Airdate: May 24, 1999
Scientist: Albert James (A.J.) Williams Myers
What was once a Dutch celebration of Pentecost soon passed into African hands.
Most people think of cultural history as something that's written, passed down in journals and texts. Well, another way to study the past is by looking at our holidays. Often these annual observances are a kind of time capsule, bearing the story of where we came from. I'm Jim Metzner, and this is the Pulse of the Planet, presented by the American Museum of Natural History.
During this week, about two hundred years ago, African slaves in New York state gathered to celebrate Pinkster, a spring holiday with Dutch origins.
"Pinkster historically is a celebration which the Dutch introduced to the Hudson Valley and it recognizes, really the return of spring, the return of life."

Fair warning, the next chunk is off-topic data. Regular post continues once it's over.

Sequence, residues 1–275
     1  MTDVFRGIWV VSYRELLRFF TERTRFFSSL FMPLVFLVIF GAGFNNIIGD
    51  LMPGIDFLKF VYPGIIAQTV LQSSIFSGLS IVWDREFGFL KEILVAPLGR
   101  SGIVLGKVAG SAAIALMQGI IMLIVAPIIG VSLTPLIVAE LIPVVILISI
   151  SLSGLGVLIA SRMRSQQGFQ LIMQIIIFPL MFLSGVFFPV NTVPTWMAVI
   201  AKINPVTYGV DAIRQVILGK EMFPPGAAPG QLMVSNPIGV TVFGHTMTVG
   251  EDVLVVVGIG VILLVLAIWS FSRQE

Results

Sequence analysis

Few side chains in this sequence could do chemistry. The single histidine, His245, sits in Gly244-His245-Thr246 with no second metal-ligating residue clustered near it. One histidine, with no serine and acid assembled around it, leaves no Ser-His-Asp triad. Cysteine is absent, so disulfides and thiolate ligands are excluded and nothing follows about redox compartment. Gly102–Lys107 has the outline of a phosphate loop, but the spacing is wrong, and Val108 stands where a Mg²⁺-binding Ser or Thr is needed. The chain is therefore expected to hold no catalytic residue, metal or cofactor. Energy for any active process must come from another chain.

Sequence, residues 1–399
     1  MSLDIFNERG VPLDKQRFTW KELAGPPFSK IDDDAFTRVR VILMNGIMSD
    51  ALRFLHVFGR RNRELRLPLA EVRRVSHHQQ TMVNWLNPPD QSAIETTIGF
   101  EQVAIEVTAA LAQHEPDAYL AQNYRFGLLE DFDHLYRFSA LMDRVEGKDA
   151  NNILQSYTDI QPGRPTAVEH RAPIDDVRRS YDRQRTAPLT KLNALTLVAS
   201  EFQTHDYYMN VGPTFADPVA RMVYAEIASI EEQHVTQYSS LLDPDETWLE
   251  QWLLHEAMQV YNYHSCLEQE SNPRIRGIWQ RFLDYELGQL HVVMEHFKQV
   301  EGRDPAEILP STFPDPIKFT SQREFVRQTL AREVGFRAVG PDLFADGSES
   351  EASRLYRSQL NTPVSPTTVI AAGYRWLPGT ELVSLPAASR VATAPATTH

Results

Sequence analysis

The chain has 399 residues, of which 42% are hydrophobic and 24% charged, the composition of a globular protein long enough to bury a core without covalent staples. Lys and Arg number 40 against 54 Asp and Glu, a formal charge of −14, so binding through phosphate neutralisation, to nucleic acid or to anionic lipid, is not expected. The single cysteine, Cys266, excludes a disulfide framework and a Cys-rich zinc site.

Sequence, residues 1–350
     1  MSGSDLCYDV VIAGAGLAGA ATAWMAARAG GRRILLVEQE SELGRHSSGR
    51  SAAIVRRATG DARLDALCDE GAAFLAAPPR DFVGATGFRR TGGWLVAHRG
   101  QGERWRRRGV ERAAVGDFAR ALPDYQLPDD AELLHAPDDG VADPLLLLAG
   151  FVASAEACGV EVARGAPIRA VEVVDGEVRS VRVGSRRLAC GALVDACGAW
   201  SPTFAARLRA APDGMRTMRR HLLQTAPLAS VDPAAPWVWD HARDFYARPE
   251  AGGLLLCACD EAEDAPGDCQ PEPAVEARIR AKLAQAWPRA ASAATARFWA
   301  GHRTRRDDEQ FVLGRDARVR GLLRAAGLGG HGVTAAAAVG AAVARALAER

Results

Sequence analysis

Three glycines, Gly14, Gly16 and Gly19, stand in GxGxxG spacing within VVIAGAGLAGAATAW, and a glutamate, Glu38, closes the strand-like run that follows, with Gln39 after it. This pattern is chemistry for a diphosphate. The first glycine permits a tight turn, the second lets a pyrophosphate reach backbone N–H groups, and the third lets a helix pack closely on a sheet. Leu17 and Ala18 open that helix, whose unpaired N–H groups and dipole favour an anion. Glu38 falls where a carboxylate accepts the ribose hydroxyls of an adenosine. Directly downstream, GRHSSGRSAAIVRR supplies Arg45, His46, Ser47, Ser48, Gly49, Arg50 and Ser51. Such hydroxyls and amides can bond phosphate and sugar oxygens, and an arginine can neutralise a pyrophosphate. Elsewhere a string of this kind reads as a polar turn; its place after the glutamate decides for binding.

Albert James Williams Myers a Professor of Black Studies at the State University of New York in New Paltz. He tells us that Pinkster began as the Dutch celebration of Pentecost, which takes place fifty days after Easter. But the holiday soon passed into the hands of the African slaves who were working on Dutch land.ambience: drumming, Pinkster celebration
"I would say in the beginning they perhaps stood at the sidelines and watched and gradually over time they themselves got involved. What happens over a period of time is that Pinkster, by the middle of the 1700’s really becomes an African festival. It's not that the Europeans have withdrawn; it’s just that the Africans get so involved in it and for the African it was a way of preserving his and her traditions. They were able to use a European vehicle by which to give expression to their African traditions."
Our thanks to Tom Phillips for the fiddle music, and the Children of Dahomey for the drumming.
Pulse of the Planet is presented by the American Museum of Natural History. Additional funding for this series has been provided by the National Endowment for the Humanities. I'm Jim Metzner.